HomeTop News“21 House Republicans Who Defied McCarthy: No to Stopgap Bill and Government Shutdown!

“21 House Republicans Who Defied McCarthy: No to Stopgap Bill and Government Shutdown!

The U.S Congress narrowly avoided a government shutdown last week when the House of Representatives voted 211-179 in favor of a stopgap funding bill from Rep. Kevin McCarthy (R-California). While the bill received support from both Democrats and Republicans, there were 21 members of Congress, all Republicans, that voted against it.

McCarthy’s bill proposed a temporary continuation of funding, without long-term extensions or policy additions, for those departments and agencies affected by the government shutdown. This would give Congress more time to negotiate a budget for the 2020 fiscal year, while maintaining stability in the government. By avoiding a shutdown, it also prevented any potential economic harm that may have been caused.

The Republican Representatives who voted no cited their displeasure with the delayed negotiation of a proper 2020 fiscal year budget as their reason, arguing that it was irresponsible to pass a bill without funding secure. Not extending a long-term solution, in their view, only delayed the inevitable and put off any meaningful progress in resolving the issue.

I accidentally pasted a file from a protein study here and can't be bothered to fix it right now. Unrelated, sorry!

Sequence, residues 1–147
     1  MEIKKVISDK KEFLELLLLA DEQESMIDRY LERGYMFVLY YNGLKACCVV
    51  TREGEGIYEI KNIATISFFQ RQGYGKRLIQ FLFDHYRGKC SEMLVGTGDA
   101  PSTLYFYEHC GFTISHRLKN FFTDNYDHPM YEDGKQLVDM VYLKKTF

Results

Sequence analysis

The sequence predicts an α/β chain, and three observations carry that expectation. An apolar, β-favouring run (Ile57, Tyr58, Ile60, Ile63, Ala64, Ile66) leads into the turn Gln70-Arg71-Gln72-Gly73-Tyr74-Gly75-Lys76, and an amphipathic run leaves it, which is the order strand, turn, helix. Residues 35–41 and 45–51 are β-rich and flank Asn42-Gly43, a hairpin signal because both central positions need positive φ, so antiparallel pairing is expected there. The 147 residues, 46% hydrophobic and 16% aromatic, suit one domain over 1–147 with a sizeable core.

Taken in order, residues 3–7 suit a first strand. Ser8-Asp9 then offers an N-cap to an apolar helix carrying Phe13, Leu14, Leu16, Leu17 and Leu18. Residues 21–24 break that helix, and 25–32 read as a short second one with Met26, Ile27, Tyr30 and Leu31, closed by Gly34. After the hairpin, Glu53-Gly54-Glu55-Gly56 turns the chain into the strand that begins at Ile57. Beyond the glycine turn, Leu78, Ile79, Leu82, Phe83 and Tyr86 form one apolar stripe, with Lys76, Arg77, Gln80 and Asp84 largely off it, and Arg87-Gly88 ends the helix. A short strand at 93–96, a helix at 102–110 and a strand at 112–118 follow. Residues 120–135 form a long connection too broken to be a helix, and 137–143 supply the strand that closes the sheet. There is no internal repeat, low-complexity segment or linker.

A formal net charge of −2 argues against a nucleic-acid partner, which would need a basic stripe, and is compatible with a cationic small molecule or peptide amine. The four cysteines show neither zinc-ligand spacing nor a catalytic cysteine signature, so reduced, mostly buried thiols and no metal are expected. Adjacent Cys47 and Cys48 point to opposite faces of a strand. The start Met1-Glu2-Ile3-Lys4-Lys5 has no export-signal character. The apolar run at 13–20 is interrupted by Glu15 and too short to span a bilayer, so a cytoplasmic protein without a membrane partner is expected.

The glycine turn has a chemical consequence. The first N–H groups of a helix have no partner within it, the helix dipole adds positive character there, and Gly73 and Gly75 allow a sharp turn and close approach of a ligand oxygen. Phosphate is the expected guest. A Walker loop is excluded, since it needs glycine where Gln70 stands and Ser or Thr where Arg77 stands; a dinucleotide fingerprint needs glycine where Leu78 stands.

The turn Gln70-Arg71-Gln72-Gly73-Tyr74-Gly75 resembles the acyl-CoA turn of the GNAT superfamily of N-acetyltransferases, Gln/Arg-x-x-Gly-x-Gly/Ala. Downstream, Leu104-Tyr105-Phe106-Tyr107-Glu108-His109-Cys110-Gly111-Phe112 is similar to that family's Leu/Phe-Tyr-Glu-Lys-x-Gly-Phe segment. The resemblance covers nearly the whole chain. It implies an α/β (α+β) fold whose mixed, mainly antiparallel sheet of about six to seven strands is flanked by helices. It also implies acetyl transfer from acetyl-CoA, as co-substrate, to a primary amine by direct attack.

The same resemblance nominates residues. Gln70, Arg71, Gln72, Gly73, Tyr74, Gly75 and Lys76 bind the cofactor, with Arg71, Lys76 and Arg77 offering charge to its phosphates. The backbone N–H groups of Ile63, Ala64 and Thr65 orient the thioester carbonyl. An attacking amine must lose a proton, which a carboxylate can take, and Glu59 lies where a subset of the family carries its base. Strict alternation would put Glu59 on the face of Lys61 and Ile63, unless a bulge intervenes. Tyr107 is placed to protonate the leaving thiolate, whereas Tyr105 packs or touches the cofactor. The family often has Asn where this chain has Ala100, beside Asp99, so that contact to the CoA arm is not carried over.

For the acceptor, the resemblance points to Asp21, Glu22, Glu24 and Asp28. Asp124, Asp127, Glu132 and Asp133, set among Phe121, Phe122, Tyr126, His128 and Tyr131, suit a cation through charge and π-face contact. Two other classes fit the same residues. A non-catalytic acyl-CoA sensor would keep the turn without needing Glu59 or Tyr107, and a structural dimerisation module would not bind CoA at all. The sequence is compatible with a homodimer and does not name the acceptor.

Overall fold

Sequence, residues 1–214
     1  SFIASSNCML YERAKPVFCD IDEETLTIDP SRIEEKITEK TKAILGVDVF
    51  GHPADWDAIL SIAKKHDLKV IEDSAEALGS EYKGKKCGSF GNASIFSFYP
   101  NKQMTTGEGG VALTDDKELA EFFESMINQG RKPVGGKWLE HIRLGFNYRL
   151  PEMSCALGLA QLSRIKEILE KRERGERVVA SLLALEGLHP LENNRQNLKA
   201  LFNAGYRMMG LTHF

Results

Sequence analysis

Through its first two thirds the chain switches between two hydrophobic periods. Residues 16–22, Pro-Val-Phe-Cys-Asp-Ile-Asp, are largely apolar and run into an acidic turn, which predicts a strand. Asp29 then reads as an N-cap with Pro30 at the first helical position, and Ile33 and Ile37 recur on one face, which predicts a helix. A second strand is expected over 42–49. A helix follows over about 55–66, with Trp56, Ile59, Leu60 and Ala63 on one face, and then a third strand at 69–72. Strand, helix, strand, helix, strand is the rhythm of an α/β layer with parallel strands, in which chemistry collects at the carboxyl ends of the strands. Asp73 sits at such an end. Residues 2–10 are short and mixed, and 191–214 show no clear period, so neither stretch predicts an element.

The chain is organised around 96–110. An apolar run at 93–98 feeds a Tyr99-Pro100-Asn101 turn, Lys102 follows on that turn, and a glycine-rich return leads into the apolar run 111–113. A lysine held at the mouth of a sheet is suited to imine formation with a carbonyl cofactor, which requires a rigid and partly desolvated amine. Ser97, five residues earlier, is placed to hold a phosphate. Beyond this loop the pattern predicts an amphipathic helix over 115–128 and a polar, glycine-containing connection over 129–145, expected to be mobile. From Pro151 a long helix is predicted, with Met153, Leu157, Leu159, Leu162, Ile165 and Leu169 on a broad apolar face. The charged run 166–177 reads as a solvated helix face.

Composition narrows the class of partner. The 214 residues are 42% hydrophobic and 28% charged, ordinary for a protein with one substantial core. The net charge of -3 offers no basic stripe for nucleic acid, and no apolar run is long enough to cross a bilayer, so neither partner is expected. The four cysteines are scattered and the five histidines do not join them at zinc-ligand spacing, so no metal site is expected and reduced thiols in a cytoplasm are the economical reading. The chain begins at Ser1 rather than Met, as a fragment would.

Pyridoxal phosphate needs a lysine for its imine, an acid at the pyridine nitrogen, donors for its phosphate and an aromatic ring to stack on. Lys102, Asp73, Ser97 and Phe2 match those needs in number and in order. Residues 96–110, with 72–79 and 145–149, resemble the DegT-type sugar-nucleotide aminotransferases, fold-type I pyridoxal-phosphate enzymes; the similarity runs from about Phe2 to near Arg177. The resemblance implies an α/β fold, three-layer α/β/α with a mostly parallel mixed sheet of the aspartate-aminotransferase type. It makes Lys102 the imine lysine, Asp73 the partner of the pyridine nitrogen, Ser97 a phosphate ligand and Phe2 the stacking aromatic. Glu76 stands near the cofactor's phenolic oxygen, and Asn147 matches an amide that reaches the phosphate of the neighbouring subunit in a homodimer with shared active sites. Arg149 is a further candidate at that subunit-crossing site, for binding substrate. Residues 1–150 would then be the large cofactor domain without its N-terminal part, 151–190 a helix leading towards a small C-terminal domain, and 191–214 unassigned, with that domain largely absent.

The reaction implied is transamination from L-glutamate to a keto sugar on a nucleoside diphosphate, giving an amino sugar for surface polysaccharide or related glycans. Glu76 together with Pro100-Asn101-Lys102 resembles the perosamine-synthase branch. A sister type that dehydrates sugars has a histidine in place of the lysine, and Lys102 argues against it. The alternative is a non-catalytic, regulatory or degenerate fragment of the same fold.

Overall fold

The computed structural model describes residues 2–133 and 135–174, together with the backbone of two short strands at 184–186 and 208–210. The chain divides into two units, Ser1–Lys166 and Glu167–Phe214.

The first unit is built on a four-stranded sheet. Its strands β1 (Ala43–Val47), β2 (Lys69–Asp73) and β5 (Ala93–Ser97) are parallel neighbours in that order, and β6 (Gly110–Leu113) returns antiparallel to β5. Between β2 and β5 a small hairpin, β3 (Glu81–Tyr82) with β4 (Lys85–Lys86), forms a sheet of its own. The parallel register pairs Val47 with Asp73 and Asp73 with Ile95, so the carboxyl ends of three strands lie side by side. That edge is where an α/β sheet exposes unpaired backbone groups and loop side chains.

The list of those who voted no included Representatives Joaquin Castro (Texas), Tulsi Gabbard (Hawaii), Louie Gohmert (Texas), Dusty Johnson (South Dakota), Mario Díaz-Balart (Florida), and Jim Banks (Indiana), among others.

The decision of these 21 members of Congress to vote against the stopgap funding bill and McCarthy’s reasoning behind it highlights the growing debate within the Republican party on how best to address government funding issues in the long-term. While many agreed with McCarthy and voted in favor of the bill, the vote demonstrated there is still far from consensus among the party on how to proceed.

Ultimately, it’s up to the members of Congress and the President to come up with a more permanent solution to avert any future government shutdowns. Until then, the decision by the House to pass McCarthy’s funding bill has successfully prevented one for now, but that doesn’t necessarily indicate a resolution is in the cards.